• Bryan Clark

Short Scales

I had been playing guitar for a long time before I got hip to the fact that not all guitars are the same length - scale length that is. Now, playing my 1960 Fender Telecaster, which you've seen plenty of on this site, and my 1960 Strat exclusively for many years, I had no idea that Gibson's guitars had a smaller scale (24.75") for the Les Paul, 335, and SG. Fender Strats and Teles are 25.5". Scale length is the distance between the nut and the saddle. Which translates that the frets are not same distance from each other regardless of body shape, headstock design, etc. This also affects how the guitar feels when you play large, stretchy, jazz chords, big intervals, do bends, and overall string tension when strumming. So for example, a 10-46 string set will feel different when you put them on a Les Paul as opposed to a Telecaster. The Les Paul will feel more loose, and your bends will be easier, but you'll have to bend the string more to get the same pitch as the same bend on a Fender.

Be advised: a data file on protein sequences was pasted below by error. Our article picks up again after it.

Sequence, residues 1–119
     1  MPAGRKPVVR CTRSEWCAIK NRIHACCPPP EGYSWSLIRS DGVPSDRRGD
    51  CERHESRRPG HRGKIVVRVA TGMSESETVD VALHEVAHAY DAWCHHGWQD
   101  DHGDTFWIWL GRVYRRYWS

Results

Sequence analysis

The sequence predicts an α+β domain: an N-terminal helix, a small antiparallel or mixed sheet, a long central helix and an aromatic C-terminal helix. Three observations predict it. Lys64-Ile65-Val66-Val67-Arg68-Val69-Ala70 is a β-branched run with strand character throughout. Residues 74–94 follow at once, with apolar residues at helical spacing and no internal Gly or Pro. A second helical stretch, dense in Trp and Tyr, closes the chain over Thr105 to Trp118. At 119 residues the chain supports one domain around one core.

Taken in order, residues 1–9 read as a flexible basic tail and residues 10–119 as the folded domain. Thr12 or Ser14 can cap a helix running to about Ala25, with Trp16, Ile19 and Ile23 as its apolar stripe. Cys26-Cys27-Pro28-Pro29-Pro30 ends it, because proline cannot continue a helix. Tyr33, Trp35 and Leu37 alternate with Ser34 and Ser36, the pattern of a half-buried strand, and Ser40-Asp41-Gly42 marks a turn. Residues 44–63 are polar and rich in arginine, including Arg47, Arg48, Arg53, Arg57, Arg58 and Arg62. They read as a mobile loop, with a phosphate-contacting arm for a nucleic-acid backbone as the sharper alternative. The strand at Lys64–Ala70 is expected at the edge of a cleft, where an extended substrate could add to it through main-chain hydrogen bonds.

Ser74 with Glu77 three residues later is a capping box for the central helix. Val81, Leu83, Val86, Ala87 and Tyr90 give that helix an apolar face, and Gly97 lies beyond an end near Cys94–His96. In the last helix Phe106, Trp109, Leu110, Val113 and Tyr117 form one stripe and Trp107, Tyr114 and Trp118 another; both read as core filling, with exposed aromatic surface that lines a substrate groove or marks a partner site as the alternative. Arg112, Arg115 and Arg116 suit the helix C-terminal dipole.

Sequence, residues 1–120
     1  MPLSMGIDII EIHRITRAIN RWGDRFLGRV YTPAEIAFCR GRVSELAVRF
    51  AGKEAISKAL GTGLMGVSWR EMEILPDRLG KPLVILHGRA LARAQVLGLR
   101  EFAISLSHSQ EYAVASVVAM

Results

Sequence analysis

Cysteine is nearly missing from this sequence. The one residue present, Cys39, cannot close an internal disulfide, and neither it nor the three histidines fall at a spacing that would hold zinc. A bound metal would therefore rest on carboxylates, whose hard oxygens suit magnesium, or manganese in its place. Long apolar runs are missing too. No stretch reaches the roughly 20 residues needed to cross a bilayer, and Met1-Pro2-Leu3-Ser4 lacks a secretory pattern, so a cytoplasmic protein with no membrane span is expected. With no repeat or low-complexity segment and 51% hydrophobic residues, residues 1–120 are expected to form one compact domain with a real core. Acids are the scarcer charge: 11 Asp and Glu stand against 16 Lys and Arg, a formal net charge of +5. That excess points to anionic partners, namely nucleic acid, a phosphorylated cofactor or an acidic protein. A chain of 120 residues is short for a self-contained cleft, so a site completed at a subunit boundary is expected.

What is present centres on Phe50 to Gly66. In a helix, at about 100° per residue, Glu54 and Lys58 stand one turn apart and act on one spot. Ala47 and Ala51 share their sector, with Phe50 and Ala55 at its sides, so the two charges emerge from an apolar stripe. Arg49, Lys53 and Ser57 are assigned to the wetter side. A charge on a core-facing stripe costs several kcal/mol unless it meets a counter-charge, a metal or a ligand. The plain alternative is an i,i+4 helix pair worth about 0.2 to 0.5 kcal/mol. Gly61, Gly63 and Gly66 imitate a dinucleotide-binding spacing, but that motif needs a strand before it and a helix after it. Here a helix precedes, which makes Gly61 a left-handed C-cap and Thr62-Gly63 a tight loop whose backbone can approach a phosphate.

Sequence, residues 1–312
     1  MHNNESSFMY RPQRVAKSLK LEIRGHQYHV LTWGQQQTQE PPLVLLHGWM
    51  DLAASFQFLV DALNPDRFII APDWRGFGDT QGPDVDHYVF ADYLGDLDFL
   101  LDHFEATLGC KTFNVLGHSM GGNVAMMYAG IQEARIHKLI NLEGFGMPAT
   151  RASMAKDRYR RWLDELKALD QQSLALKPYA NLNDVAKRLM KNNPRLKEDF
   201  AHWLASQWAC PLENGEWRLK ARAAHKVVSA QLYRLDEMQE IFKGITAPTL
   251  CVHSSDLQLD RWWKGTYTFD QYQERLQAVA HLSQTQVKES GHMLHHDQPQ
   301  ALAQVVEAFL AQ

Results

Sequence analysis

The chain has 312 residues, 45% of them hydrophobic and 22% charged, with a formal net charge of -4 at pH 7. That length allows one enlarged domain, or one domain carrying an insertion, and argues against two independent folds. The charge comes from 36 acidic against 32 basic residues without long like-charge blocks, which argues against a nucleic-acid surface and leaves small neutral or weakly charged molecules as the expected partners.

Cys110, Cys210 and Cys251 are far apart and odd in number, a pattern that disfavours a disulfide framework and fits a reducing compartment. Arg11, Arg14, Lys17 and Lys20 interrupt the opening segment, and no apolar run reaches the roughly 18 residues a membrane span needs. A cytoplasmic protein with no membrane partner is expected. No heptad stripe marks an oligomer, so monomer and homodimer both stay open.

To make matters more confusing, not all models by the same company are the same. Compare the Gibson SG (24.75") to the Gibson Byrdland (23.5"). Or the Strat (25.5") to the Jaguar (24.0"). The same applies to acoustic guitars as well. You can find many examples of the same body dimensions, say an OM model, with a full scale neck (25 1/2") or with, usually an up-charge, a short scale (24 7/8").

So if you ever wonder why some guitars have that special "magic" and just simply feel GREAT when you play them, scale length plays a substantial part in that juju.




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